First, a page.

As more and more communities are forming worldwide especially in countries where rh negative blood is very rare, our focus today is Vietnam:
Dr. Ngô Tấn Gia Phú of Chợ Rẫy Hospital’s Blood Transfusion Centre in HCM City, the head of a club for people with Rh-negative blood, formed to deal with emergencies, said:
“Many patients have died because of a shortage of blood of these types”.
In 2000, a patient with congenital heart disease, for example, was brought to the city’s Heart Institute for surgery, but the operation could not be performed until blood was received from donors.
Although donations were finally collected, the patient died while waiting.
In other cases, doctors have had to contact foreign agencies and hospitals in other countries to ask for rare blood types.
People with these less common blood types have set up clubs in case of urgent need, according to Phú.
The southern region’s club at first had 12 members, but now has between 500 and 600.
Even so, the clubs are not enough to satisfy demand.
Many people in the country do not know their blood type, and are unaware there is a need for rare types.
“Each person should be tested at healthcare clinics. And it’s even simpler if they volunteer to join blood donation programmes and receive general health exams and tests,” Phú said.
If they have a rare blood type, they should join the clubs, he added.
The woman from HCM City who needed a blood transfusion during her pregnancy years ago is now a member of a club managed by HCM City Humanitarian Blood Donation Centre.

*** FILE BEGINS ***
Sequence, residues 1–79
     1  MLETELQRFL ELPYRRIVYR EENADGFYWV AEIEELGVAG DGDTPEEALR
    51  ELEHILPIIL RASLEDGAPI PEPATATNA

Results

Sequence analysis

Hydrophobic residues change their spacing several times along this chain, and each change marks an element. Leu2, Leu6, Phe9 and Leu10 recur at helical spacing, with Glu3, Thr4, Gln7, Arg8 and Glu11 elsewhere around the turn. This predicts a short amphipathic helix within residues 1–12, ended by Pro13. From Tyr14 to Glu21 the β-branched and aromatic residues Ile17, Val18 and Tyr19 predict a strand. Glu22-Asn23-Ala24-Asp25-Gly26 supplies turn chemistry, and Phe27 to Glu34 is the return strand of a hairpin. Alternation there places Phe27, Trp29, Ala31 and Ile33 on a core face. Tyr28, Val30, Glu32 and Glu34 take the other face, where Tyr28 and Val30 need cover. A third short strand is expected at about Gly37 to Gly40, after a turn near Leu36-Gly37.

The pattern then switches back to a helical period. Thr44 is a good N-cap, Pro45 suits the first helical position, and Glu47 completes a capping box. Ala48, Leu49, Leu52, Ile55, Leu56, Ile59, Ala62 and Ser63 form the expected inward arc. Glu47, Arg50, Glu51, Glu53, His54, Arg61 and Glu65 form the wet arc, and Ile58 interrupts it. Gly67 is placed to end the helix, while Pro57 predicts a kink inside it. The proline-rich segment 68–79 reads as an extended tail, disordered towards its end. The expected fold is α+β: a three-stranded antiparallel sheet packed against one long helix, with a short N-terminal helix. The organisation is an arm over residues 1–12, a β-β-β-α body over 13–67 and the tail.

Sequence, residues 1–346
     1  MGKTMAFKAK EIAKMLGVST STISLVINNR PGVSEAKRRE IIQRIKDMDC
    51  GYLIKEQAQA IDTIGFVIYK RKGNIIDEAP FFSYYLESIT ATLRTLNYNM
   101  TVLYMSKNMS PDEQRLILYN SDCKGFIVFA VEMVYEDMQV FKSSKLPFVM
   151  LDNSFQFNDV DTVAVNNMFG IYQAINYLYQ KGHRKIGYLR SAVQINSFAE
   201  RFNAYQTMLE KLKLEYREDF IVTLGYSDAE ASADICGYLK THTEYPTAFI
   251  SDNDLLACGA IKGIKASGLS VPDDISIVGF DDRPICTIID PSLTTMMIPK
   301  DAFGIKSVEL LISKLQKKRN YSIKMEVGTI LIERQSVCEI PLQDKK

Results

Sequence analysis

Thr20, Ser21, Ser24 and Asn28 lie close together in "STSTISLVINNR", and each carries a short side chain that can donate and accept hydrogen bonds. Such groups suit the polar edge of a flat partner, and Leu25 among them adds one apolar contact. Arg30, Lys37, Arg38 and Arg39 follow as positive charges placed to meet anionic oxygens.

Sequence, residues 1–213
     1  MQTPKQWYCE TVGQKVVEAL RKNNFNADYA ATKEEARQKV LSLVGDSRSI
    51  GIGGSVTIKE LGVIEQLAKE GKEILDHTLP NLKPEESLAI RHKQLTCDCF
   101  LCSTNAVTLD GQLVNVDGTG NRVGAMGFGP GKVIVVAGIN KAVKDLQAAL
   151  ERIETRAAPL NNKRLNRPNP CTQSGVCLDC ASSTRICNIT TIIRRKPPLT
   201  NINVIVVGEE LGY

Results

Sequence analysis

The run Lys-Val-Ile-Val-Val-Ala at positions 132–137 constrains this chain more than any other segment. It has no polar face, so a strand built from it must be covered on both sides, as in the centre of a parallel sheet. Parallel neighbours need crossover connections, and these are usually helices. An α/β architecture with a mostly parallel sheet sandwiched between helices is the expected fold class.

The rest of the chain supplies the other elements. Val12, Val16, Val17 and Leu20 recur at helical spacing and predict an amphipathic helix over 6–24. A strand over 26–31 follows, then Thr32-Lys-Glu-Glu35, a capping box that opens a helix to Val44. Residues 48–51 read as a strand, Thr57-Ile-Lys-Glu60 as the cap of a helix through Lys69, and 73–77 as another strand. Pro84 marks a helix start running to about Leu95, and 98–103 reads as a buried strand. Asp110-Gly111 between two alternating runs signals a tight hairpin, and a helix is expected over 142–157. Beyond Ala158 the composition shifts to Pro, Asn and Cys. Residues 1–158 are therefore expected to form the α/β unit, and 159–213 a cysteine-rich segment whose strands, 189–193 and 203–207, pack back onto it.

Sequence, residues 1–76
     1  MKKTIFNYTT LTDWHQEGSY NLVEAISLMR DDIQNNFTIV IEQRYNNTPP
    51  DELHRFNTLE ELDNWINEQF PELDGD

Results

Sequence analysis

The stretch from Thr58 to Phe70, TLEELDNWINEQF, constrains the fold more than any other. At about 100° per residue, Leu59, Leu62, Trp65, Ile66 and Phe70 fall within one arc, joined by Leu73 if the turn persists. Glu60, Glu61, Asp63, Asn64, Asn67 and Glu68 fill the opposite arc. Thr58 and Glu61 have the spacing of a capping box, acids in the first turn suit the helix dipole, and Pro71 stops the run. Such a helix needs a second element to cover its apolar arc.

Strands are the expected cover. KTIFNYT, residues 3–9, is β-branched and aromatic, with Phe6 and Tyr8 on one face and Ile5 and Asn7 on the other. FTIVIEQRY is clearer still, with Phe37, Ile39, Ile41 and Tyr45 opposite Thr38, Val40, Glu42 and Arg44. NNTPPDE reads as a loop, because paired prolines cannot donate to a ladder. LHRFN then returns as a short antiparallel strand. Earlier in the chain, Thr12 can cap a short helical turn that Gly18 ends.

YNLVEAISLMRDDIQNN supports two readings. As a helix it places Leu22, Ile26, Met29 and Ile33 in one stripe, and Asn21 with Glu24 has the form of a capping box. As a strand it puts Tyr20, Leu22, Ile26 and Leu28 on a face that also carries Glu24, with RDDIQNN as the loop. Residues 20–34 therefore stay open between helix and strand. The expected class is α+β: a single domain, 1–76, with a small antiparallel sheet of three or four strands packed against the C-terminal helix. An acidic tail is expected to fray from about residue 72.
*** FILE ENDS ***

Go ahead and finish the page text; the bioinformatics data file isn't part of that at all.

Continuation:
The club has called her at least once to donate blood.
At a recent press meeting held in the city, Prof. Dr. Nguyễn Anh Trí, head of the National Institute of Hematology and Blood Transfusion in Hà Nội, said that before 1993 the nation’s blood supply came mostly from people who sold their blood.
Since then, many blood donation campaigns have been organised, providing nearly 97 per cent of the country’s blood supply.
Last year, around 1.4 million units of blood were collected in the country, an increase of 110.5 per cent compared to 2014.
Blood transfusion centres in the country have also received nearly 55,600 units of platelet cells separated from the blood of donors.
These platelets are needed for patients with certain diseases that lead to a drop in platelet cells, especially dengue fever.
As a result, more blood donation campaigns have been organised, including the Red Journey effort.
Red Journey plans campaigns this year in 27 provinces and cities, an increase of five compared to last year.
It will also disseminate information about thalassemia, an inherited form of anaemia. Patients with this condition need regular blood transfusions.
(Source: “Wanted: Vietnamese with rare blood types”)
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